Founders of the firm, which has offices in San Francisco, announced today that after investing mostly as angels in 46 data-oriented startups, they are looking to close their first institutional fund. The size is expected not to exceed $100 million.
Co-founder Matt Ocko says the motive for raising the fund was a sense that now is the optimal time for early stage investing in the analytics space. As storage capacity goes up exponentially, and costs decline, enterprises are feverishly looking for ways to eke competitive advantages from the mountains of data they’re accumulating. As for startups, the costs of launching a software business have never been lower.“These moments in time don’t happen very often,” he says. “But when they do you get a nice 10-plus year economic transformation event.”
Data Collective will be led by managing partners Ocko and Zachary Bogue. Ocko, a former partner at VantagePoint Venture Partners and Softbank, has been active in recent years as an early stage investor in companies including Zynga, Aggregate Knowledge and BranchOut. Bogue is an angel investor and co-founder of real estate private equity fund Montara Capital Partners, a real estate private equity fund, and Founders Den, a San Francisco-based co-working space for entrepreneurs.
Beyond their own experience, partners are pitching their team of equity partners as a secret weapon. The group, all of whom are modest stakeholders in the fund, includes some 35 technical founders, executives, data scientists and engineers at prominent technology companies such as Akamai, LinkedIn, VMware, Citrix and Zynga. Their role will be assist with portfolio companies, and, in particular, to help determine which startups to fund.
Having a large technically savvy team on board is particularly critical in the big data space, Bogue says, as there are many startups with ambitious claims and relatively few people who can expertly vet them.“They can look under the hood and see if they have the big data chops they claim they have,” he says.
Data Collective can expect plenty of competition for deal flow, as big data has proven to be a popular venture capital investment theme recently. Accel Partners, in partner, has staked a claim on the space, with its dedicated Accel Big Data Fund. Others, including Ignition Partners, Sequoia Capital and Founders Fund, have also been revving up investment.
There’s reason for enthusiasm. Big data has proven it can produce big exits and big valuations. For instance Splunk, which went public in April, is currently valued around $3 billion. Palantir Technologies, a data analytics platform provider that is still private, raised its last funding round at a reported $2.5 billion valuation.
So far, Data Collective partners have disclosed only a handful of portfolio companies. They include Kaggle, which runs competitions for predictive modeling projects, Parse, a developer of a software platform for mobile apps, and Citus Data, which makes a database for querying large datasets. Partners didn’t specify how much they’ve invested to date, but said the total is under $10 million.
As for the new fund, though fundraising for new venture firms is notoriously a tough business Ocko says he has been “pleasantly surprised” by the reception from limited partners (who he declined to name.)
He and Bogue say one reason big data holds appeal for investors is that it appears to carry smaller risks than many other sectors. That’s partly because they are largely software plays and don’t require massive infrastructure investment to scale. Another reason is that employers have trouble recruiting skilled data scientists, let alone whole teams, so startups with proven ability to innovate will likely be targets for talent acquisitions. That’s not the goal of Data Collective, which would prefer to push for big exits, but it does provide some downside protection.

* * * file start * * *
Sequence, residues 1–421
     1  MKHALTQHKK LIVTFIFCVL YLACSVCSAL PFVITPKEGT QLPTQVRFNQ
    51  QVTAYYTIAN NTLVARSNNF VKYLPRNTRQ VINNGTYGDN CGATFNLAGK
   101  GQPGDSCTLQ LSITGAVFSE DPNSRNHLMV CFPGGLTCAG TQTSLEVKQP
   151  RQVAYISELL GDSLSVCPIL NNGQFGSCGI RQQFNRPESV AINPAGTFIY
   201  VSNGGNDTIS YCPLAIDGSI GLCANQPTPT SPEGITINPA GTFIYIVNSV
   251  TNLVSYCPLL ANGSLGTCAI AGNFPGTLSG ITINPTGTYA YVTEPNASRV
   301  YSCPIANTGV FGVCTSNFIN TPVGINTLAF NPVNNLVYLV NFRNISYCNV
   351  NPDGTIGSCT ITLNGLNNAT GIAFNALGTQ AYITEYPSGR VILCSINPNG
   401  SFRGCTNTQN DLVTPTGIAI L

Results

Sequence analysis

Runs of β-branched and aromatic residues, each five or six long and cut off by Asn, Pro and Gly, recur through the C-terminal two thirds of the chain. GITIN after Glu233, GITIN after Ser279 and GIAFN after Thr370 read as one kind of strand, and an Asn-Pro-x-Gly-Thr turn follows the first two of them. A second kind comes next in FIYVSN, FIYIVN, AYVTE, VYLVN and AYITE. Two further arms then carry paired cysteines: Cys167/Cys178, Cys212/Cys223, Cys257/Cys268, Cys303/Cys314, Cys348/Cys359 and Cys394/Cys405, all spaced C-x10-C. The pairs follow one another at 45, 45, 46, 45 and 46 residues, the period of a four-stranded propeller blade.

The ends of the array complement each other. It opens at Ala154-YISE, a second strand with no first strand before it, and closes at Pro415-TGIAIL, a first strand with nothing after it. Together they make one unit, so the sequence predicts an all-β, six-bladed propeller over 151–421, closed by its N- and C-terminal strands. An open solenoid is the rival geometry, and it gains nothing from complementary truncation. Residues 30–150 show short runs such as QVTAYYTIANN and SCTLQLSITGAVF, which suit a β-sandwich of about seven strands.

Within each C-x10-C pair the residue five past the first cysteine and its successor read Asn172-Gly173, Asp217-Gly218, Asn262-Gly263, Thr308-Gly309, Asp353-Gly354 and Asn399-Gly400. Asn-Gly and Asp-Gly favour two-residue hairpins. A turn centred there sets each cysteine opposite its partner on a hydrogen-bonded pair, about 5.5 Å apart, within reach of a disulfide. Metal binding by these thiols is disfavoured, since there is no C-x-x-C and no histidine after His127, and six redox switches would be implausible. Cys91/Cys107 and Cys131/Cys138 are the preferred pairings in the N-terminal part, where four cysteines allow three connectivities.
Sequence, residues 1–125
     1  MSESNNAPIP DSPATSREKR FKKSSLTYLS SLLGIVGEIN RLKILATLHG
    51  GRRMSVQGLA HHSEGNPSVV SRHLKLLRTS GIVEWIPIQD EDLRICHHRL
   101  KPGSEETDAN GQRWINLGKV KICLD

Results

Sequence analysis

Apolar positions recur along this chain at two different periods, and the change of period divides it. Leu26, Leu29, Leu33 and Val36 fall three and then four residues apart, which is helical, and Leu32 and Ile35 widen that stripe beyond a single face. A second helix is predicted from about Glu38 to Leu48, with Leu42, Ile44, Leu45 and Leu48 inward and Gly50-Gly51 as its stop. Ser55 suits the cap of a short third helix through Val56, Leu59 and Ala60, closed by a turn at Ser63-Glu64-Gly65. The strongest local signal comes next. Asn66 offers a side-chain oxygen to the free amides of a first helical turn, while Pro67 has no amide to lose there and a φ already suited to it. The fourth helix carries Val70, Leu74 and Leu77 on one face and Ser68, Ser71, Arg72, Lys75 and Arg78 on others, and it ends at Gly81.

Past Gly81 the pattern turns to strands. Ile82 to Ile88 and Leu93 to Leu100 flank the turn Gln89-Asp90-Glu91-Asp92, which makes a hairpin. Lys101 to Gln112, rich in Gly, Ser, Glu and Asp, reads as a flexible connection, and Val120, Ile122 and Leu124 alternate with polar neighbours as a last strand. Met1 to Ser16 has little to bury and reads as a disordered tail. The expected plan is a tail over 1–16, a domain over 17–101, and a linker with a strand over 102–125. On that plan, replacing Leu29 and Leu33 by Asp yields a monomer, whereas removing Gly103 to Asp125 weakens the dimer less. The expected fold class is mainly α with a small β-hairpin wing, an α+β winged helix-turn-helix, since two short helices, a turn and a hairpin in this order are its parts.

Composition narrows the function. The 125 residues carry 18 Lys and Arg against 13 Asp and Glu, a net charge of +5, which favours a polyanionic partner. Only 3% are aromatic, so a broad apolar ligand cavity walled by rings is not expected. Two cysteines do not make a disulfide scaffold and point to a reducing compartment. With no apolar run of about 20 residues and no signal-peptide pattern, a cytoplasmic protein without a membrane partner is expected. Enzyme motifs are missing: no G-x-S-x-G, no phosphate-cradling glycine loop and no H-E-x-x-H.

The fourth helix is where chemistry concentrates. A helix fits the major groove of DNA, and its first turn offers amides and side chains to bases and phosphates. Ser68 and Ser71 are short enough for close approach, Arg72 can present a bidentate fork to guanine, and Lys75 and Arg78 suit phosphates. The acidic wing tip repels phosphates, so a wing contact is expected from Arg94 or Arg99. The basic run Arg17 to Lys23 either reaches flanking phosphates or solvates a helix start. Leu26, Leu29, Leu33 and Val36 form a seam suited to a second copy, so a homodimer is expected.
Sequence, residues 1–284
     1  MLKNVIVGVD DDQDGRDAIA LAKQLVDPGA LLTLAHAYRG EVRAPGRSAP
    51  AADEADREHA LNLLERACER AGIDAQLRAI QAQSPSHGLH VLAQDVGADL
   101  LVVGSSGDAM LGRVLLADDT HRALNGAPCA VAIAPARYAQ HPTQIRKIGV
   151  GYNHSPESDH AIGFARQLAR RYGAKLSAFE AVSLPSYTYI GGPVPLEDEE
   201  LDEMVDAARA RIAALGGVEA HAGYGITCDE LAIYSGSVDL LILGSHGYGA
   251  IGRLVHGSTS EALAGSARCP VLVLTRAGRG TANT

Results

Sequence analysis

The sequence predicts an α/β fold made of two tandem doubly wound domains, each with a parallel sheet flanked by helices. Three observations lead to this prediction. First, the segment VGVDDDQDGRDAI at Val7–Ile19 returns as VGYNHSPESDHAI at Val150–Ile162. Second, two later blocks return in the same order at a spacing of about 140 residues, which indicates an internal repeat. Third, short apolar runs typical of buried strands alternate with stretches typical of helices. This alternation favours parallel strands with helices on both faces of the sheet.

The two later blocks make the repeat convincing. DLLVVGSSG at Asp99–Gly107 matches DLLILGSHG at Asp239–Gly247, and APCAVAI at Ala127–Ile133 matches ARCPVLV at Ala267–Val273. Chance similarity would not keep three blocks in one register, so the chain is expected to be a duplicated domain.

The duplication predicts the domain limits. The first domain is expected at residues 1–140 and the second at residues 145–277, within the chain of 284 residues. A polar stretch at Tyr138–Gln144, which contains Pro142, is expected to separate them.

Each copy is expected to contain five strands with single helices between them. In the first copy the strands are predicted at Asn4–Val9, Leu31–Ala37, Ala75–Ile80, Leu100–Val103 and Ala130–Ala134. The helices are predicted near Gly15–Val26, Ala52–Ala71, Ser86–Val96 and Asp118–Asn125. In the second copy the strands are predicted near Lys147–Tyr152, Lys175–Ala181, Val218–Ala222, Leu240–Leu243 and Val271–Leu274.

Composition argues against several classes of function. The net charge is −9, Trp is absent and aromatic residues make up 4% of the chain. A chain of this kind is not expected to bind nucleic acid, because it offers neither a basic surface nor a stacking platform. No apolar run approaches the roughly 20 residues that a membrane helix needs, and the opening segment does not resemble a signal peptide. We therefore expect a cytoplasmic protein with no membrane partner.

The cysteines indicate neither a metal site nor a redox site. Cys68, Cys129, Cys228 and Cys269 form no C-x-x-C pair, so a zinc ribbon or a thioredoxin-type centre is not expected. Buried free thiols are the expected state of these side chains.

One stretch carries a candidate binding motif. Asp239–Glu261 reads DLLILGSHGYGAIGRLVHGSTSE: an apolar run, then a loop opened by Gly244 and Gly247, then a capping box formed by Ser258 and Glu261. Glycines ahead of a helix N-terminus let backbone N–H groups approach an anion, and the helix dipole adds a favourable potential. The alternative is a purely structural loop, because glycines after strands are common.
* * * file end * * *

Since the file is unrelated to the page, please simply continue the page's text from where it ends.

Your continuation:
It’s also easier for an acquirer to justify how a “big data” acquisition will boost earnings, Ocko notes, since an analytics company, to state the obvious, can provide plenty of analytics on how its applications can reduce expenses or increase sales.
While it’s competing with prominent VCs, Data Collective is also co-investing with them. Coinvestors in its current portfolio companies, including Accel, Mayfield, Ignition, Andreessen Horowitz and Khosla Ventures.
And while they may have a small fund, Ocko and Bogue do have a large network of connections in their chosen sector. Founders Den alone counts Foursquare co-founder Dennis Crowley, Dropbox CEO Drew Houston and California Lieutenant Governor Gavin Newsom among its high-profile list of advisors and tenants. And though its expansive open-space offices were fairly deserted late Tuesday afternoon, when I met with Ocko and Bogue, the location in San Francisco’s South of Market District is also ground zero for software and Internet startups, with everyone from analytics high-flyer Splunk to Twitter, Pinterest and Zynga a few blocks away.
But for startups hoping Data Collective might offer a faster path to an acquisition by Yahoo, Bogue, who is married to newly hired Yahoo CEO Marissa Mayer, indicated that’s probably not in the cards.
To be fair, it was a topic we dwelt on only briefly, due to a pre-interview agreement and to my general lack of skill as a business reporter in asking questions about things other than profit margins and exit multiples. However, I did ask Bogue for his take on what it’s like to be one half of Silicon Valley’s most-talked-about expectant parents.
Bogue replied that he and Mayer are “obviously super excited” about soon becoming parents and about her latest career move. However, he said, “I don’t think it has much bearing on Data Collective.” Mayer will not be directly involved in the fund, he added.
Photo of computer terminal courtesy of Reuters. Photos of Ocko and Bogue courtesy of Data Collective.